Transitions in UX / UI design
Update notice: A new version of this post is available on smashingmagazine.
There are websites that outperform others. Whether it’s in terms of content, usability, design, features etc. I believe that details in interaction design and animation make a fundamental difference in the realm of contemporary web sites / applications.
When we design digital products, we often use design applications like Photoshop or Sketch. Most people who have been in the business for a few years know that design is more than just visual representation. Still they are creating static designs. Steve Jobs said:
Design is much more than how something looks like and feels like, design is how it works.
Our experiences and impressions of products are shaped by a combination of different factors with interaction playing a fundamental role in it. No longer can we think of user interfaces as static designs and add the magic of interaction later on. Instead we need to embrace the interactive nature of the web from the very beginning and think of it as natural constituent.
Let’s have a look at some examples where smart interactions gently improve the user experience.
The blessing and the curse of the web are hyperlinks. As you click on a link, they can literally take you anywhere. From a product page to the creepy old puppet store down the street in Wisconsin. The result: loss of context.
Compare the default behavior of # anchor links with the animated one. Skipping content is not an unconscious action anymore; it’s a decision. In fact, the website of hopelies has a button that sends you on the top of the page without any animation. It took me more than a minute to figure out what actually happened. Abrupt changes are hard to process for users. Don’t leave them in the dark, show them what’s happening.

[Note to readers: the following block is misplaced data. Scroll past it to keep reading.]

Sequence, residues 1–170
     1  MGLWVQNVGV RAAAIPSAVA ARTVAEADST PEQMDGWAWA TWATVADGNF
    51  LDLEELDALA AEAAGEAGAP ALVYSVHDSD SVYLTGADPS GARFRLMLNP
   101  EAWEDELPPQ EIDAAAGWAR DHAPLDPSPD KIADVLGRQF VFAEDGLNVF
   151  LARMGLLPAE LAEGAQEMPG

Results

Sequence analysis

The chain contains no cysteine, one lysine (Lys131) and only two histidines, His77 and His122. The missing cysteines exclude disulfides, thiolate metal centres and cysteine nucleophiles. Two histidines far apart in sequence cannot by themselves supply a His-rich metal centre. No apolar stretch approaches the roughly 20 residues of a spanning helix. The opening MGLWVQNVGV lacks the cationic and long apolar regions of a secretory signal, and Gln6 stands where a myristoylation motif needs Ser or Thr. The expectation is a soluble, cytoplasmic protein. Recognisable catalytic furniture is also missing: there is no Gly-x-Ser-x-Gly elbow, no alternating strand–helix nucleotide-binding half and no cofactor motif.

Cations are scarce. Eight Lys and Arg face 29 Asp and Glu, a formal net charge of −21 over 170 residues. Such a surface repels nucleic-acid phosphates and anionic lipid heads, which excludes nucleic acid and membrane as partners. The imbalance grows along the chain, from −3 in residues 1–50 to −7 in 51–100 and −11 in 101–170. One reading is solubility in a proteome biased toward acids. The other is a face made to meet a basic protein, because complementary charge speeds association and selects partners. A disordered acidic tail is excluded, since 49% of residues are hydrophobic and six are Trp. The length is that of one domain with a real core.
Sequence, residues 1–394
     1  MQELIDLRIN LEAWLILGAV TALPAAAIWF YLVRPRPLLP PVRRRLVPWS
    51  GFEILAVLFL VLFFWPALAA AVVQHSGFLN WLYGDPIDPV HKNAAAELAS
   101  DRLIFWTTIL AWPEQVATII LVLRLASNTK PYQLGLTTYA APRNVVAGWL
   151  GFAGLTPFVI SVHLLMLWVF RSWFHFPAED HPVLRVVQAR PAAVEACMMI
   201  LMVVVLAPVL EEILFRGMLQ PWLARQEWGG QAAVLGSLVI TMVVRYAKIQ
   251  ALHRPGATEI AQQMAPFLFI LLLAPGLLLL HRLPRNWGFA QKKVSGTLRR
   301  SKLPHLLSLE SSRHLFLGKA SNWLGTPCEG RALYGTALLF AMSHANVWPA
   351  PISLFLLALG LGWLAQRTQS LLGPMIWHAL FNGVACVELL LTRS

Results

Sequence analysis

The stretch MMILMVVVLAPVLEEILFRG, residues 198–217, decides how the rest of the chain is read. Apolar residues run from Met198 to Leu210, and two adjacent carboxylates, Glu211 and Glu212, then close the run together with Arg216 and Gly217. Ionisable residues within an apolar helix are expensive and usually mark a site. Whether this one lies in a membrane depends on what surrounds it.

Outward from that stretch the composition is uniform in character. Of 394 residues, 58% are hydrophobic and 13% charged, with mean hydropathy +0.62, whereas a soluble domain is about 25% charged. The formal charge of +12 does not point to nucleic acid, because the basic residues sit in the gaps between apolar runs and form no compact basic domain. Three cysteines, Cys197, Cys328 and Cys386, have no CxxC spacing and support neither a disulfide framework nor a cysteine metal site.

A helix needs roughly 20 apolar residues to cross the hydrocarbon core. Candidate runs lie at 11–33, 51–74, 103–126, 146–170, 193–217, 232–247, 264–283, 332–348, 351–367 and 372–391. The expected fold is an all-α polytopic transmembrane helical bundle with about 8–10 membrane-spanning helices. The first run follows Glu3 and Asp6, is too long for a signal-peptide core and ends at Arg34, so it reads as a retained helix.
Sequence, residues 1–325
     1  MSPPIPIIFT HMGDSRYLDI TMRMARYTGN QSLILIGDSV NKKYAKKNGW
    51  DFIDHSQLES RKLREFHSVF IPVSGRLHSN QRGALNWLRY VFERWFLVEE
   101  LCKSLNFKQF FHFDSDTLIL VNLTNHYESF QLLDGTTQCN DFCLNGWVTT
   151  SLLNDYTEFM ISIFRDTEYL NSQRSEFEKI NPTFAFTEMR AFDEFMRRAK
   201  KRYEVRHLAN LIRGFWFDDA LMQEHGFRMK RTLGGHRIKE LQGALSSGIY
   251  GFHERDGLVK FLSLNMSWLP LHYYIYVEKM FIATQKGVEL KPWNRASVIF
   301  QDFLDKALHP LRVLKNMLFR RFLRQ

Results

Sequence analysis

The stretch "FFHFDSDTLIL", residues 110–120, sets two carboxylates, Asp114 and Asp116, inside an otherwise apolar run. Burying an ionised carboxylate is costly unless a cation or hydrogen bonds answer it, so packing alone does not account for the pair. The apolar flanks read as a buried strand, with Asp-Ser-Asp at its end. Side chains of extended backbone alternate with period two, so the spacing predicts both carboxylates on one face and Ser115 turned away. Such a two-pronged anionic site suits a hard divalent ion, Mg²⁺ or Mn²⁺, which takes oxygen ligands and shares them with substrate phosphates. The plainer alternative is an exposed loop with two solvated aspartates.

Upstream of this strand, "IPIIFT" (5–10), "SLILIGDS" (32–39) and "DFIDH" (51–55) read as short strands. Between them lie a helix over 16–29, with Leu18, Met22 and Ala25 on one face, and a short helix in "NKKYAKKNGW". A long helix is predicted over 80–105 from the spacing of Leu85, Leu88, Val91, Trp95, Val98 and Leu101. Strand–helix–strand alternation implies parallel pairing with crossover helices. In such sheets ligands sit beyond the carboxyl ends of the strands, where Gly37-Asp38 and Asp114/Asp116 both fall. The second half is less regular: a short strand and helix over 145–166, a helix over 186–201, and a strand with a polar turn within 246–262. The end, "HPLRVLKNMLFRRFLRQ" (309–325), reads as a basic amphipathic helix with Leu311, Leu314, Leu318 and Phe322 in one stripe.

Subtlety in transitions
As we have seen in the last example, subtle transitions can contribute to the effective understanding of pacing and flow of a user interface. Yet another example: toggle menus. The “plus”-symbol is a learned behavior. Its expected actions are add and expand. Just by rotating the plus symbol by 45 degrees, you will get a cross. A user interface component widely understood as “closing”:
This tiny transition completely changes the conceptual meaning of the button. Users will understand what’s happening next in either state. That’s a pretty user friendly toggle if you ask me.
Drag ‘n’ drop
Drag & Drop is one of the most used features on computers. But guess what? It wasn’t always like that. When Microsoft introduced Windows 3.11 they faced a delicate challenge: how to introduce a new interaction concept to users who have just started using the mouse? They came up with a phenomenal solution.
What did they do? They created a card playing game that allows players to drag and drop cards on a table. Your parents are probably addicted to it; It’s Microsoft Solitaire. Ever since people can’t imagine using computers without drag & drop anymore.